Posted: November 2, 2018
To give a little background, in March of this year, an exposé published in the Guardian and New York Times revealed that the personal data of 87 million Facebook users, 1 million of which were UK Facebook users, was harvested from their profiles through personality quizzes and sold to Cambridge Analytica. Personal data was not only collected from those who participated in the quizzes, but also from the profiles of their Facebook “friends” without any notice or consent. Cambridge Analytica then used the data to develop targeted political advertisements to consumers to allegedly influence the outcome of both the 2016 presidential election in the US as well as the Brexit vote in the United Kingdom.
After months of investigation, the UK’s data protection authority, the Information Commissioner’s Office (ICO), has issued the maximum possible penalty against Facebook for its participation in the violations. Violations included the unfair processing of personal data as well as a lack of appropriate technical measures to protect the data from unauthorized or unlawful processing. As such, regulators stated that Facebook discovered the issue in December 2015 but failed to “do enough to ensure those who continued to hold it had taken adequate and timely remedial action, including deletion.”
These violations occurred before the European Union’s General Data Protection Regulation (GDPR) went into effect and therefore, Facebook was charged for violations against the GDPR’s predecessor in the UK, the Data Protection Act of 1998. Violations under this regulation were subject to a maximum penalty of just £500,000. Had these violations occurred after the GDPR enforcement date, Facebook would be facing a much higher penalty as the GDPR provides fines of up to €20 million or 4% of annual turnover for violations. To put that into perspective, Facebook’s revenue reached $40.7 billion in 2017, which means that Facebook could be facing a maximum fine of roughly $1.63 billion for violations under the GDPR.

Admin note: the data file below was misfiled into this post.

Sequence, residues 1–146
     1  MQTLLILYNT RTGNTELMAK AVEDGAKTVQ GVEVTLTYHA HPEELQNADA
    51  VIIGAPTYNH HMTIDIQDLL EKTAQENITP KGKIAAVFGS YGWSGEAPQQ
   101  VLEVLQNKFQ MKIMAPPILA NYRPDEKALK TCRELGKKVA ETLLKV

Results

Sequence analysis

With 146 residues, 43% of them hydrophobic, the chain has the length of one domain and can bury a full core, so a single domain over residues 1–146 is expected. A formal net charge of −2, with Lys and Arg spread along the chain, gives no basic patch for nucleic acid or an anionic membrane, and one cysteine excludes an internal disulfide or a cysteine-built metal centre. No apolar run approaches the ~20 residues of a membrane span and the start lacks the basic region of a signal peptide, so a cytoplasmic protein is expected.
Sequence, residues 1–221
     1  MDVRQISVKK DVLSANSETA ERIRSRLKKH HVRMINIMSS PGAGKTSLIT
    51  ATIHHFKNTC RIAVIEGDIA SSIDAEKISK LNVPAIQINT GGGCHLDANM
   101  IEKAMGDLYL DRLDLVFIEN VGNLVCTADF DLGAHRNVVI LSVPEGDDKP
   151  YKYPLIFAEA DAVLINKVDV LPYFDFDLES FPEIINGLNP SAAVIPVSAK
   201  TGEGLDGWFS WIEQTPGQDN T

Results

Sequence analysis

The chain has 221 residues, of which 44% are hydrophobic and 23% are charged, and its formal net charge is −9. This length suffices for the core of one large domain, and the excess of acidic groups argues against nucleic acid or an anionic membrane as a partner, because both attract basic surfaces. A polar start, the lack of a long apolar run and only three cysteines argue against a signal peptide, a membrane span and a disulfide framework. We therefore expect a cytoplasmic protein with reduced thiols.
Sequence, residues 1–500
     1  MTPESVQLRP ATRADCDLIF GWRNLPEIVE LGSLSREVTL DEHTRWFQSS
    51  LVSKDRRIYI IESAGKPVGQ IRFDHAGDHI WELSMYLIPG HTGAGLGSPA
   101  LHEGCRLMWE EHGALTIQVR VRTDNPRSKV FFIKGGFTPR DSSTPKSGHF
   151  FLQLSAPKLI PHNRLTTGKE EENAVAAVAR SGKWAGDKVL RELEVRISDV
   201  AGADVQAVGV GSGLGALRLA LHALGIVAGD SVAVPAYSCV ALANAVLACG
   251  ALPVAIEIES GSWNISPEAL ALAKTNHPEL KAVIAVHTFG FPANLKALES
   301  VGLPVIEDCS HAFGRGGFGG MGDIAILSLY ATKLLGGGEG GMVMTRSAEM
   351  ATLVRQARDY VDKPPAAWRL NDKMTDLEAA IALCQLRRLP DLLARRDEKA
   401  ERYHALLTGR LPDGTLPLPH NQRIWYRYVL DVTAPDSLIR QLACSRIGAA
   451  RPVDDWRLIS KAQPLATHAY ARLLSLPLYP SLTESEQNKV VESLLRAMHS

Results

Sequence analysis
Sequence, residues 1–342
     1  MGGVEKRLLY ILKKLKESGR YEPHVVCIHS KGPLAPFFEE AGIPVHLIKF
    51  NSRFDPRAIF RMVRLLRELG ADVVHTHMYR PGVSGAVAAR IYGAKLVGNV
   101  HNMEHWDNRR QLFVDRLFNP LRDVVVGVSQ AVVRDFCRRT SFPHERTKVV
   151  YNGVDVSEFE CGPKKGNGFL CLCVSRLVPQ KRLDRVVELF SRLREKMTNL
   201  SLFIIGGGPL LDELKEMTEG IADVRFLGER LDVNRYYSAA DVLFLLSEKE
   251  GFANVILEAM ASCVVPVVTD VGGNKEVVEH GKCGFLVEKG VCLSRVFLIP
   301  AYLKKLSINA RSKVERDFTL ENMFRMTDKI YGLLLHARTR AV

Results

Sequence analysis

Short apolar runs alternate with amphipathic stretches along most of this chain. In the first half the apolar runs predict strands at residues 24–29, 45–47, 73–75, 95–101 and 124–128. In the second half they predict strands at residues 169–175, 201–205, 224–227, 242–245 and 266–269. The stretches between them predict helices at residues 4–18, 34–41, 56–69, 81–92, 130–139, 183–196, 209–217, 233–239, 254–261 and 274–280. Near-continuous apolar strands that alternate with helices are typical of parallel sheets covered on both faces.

Although Facebook’s penalty was relatively low, reputational costs could be high. Since the recent enactment of various privacy regulations, including the GDPR and California’s Consumer Privacy Act (CaCPA), consumers worldwide have become more aware of who has their personal data and what is being done with that data. Organizations must account for these costs in addition to the potential high monetary cost for violations of the GDPR and ensure they are as transparent as possible when collecting and processing personal data. This means ensuring privacy policies are updated to disclose why personal data is collected and developing a monitoring program to ensure processors and sub-processors are comply with service contracts and adhere to their respective obligations under the GDPR.
To read the full penalty notice from the ICO, please click here.
If you have questions about this enforcement or want to learn more about how CompliancePoint can help you establish a privacy program, please email email@example.com attention to Matt Dumiak.
Mackenzie Frerich is a Consultant at CompliancePoint. She works with clients in a variety of industries and aims to keep them updated on the latest changes in the regulatory environment related to U.S. federal and state consumer privacy law and direct marketing compliance. Her focus is on helping clients mitigate risk by assisting them in refining the processes and procedures necessary to comply with the complex consumer contact requirements. Mackenzie has earned her Customer Engagement Compliance Professional (CECP) certification from the Professional Association for Customer Engagement (PACE), a Customer Engagement Compliance Professional (CECP) certification from the Professional Association for Customer Engagement (PACE), and has a B.A. in International Affairs from the University of Georgia.